What can drones do for you today?
Who gets to write the rules on drones?
That's the question a boisterous standing-room-only crowd — and top representatives for both police and rights organizations — showed up to answer Thursday, at the first public hearing for a bill regulating the use of unmanned surveillance vehicles.
At the heart of the debate was whether the uniqueness of the technology should warrant a unique law. "You know when a cop is flying above you in a helicopter," said ACLU state representative Shankar Narayan. "You don't know when a dragonfly-sized drone is hovering outside your window."
House Bill 1771 would set limits on the purchase and use of drones by public agencies, including police and other enforcement offices. Under the proposal, any agency that wanted to buy a drone would need approval from the state legislature. After purchase, police would need a warrant to use drones — except in emergencies.
Information gathered using drones would be subject to even tighter controls than home searches, and would have to be destroyed within a set amount of time unless police could prove it was part of an investigation.
A boisterous crowd filled the seats and and stood at the back and sides of Thursday's hearing. At multiple points audience members clapped and called out "Thank you," and "That's right," after statements from the front of the room challenging drones. These outbursts earned bangs of the chairman's gavel and calls for order.
Accompanying ACLU representative Narayan was Mike German, a top lawyer for the organization who travelled from Washington D.C. to testify. Drone technology is evolving so quickly, German said, that legislators have to act now to regulate the technology, before it becomes widespread.
Narayan, speaking beside German, agreed. As drones get cheaper, Narayan said to the committee, "the temptation will be to put more and more of them up there."
The bill's sponsor, Rep. David Taylor, R-Yakima, and other supporters repeatedly called the limits set by the bill "sideboards" that would not eliminate drones outright, but would instead make sure they were limited to strictly targeted use.
Mitch Barker, executive director of the Washington State Association of Police Chiefs and Sheriffs, disagreed, arguing forcefully against the bill.
"We're fine with sideboards," Barker said. "But this is four walls and a ceiling."
Instead of trying to pass legislation for individual pieces of technology as they come out, Barker said, the legislature should leave the issue to the courts, who can decide the limits of drone use as challenges arise. Even that might not be necessary, Barker said, since current court rulings already regulate searches by law enforcement and the limits of what police officers can do about crimes or other activities that are in plain view of the outside world.
Noting that the courts had regulated other surveillance technolology as it evolved, including night-vision goggles and telephoto lenses, Barker said, "It's patently absurd to put on those kinds of limits when we don't have them on other kinds of technology."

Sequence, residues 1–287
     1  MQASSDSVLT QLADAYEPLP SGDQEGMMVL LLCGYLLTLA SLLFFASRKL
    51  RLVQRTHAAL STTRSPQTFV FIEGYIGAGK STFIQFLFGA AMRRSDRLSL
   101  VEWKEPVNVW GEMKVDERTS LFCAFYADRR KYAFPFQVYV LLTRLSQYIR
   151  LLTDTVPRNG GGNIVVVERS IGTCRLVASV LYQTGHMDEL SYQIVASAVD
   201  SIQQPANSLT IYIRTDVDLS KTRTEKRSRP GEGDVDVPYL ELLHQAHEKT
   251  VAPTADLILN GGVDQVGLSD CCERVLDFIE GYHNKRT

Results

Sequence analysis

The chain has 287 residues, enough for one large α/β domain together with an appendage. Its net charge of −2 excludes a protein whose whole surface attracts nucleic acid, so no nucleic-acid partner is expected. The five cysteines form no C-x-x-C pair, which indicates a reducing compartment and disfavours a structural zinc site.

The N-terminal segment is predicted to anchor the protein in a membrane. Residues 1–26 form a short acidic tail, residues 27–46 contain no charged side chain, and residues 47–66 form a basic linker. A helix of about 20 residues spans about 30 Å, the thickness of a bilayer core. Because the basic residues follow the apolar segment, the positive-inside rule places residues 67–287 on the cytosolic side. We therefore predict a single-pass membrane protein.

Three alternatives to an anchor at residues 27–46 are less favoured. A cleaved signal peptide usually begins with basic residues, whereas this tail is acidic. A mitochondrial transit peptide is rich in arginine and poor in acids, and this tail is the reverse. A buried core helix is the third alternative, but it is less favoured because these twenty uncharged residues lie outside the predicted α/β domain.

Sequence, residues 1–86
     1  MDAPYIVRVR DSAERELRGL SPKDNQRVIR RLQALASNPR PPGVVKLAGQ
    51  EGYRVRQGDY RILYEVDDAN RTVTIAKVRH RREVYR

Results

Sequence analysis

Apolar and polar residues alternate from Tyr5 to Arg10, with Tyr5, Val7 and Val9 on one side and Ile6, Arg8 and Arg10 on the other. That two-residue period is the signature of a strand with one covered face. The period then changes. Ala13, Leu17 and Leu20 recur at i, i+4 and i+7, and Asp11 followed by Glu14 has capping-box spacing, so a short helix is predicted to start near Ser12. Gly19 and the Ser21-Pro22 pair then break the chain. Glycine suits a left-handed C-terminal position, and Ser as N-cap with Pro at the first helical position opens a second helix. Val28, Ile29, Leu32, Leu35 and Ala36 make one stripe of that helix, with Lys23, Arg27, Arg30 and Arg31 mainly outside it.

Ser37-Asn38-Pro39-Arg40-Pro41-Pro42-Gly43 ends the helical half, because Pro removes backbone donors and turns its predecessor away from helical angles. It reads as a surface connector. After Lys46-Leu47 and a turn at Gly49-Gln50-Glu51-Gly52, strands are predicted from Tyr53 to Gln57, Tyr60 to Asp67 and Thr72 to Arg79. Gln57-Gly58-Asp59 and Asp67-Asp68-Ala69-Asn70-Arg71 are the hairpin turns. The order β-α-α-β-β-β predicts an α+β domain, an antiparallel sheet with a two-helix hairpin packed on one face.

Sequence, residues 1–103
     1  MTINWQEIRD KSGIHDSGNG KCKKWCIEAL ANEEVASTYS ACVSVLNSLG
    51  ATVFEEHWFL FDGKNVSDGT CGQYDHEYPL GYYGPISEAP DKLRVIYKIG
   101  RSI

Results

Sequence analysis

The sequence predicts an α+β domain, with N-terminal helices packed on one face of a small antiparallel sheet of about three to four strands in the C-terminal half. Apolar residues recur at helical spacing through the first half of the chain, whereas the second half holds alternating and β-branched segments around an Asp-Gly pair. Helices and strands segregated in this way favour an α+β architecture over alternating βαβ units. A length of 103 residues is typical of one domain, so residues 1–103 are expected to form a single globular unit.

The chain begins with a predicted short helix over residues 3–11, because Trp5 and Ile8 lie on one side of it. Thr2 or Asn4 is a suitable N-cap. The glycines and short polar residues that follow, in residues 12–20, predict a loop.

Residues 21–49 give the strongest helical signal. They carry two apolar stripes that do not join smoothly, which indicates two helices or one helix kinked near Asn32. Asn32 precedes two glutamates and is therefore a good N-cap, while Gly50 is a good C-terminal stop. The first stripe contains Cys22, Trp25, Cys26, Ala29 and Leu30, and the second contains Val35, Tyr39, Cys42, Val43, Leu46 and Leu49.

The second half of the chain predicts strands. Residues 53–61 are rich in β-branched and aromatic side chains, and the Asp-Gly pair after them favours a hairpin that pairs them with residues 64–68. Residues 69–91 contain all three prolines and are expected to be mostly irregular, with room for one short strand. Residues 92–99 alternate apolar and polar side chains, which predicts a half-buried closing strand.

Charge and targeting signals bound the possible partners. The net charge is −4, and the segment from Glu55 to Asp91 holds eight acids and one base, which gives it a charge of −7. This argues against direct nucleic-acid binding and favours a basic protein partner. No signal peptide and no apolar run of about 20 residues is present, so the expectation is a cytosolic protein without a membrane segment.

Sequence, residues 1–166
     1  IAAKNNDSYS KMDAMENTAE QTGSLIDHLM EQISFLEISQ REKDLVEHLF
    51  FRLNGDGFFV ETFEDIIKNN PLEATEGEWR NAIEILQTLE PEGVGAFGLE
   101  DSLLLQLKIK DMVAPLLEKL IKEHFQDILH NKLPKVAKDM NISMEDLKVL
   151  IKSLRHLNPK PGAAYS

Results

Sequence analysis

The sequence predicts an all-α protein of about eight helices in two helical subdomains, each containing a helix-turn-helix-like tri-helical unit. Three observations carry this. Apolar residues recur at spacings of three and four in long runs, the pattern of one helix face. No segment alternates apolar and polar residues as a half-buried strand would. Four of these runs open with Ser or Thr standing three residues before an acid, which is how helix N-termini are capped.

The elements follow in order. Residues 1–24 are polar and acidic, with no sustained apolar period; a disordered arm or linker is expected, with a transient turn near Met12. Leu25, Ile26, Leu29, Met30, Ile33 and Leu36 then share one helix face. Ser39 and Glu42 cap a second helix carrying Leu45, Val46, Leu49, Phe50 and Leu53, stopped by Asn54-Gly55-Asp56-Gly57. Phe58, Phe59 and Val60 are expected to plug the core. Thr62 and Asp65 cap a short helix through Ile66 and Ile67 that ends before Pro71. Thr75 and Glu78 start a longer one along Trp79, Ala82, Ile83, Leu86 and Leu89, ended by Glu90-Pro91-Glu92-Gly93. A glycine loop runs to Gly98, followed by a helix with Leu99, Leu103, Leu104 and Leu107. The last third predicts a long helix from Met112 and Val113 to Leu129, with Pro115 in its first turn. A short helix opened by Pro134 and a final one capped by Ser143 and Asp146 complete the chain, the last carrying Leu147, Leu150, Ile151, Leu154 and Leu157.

At least a few members of the committee obviously agreed. Rep. Brad Klippert, R-Kennewick, asked Narayan and German as well as the bill's sponsors what kind of active policing the bill allowed, citing a hypothetical situation of flying above a huge mall parking lot on Christmas, looking for thieves stealing presents from parked cars.
While supporters of the bill generally replied that the action would be allowed if it was in response to a crime in progress, Barker said the scenario highlighted the drawback of the bill — that it would keep the police from using the technology for patrols of public places.
After Barker's response, Klippert invited Barker and others to help draft an amendment — but left out the ACLU.
Contacted after the hearing, German said that those types of patrols are exactly the danger of drones and other increasingly cheap surveilance technology. Constant surveillance becoming the norm is a risk, German said. The knowledge that a person is being watched almost always causes him or her to act differently. Beyond individual privacy, society risks losing the benefits of some things people might not want to be seen doing. German cited examples like attending alcohol or drug treatment meetings, going to a family planning or mental health clinic, or attending a controversial school or church.
The main problem with waiting for the courts to rule on the issue, German said, is that it also means waiting for a victim. By the time one person succeeded in challenging a bad policy set by a county or city, many other cases of the same violation would probably have already occurred, and would be hard to address after the fact.
After the hearing, Barker acknowledged the delay involved in waiting for the courts, but argued that judges have the legal knowledge to tailor their rulings exactly to the situation. That's unlike legislators, who have to try to predict what future conflicts may arise.
Asked whether drones might be used to intrude on people's privacy in the meantime, Barker said, "it's possible."
Whether it's likely, he said, depends on how much people trust the police.
For exclusive coverage of the state Legislature, check out Crosscut's Olympia 2013 page.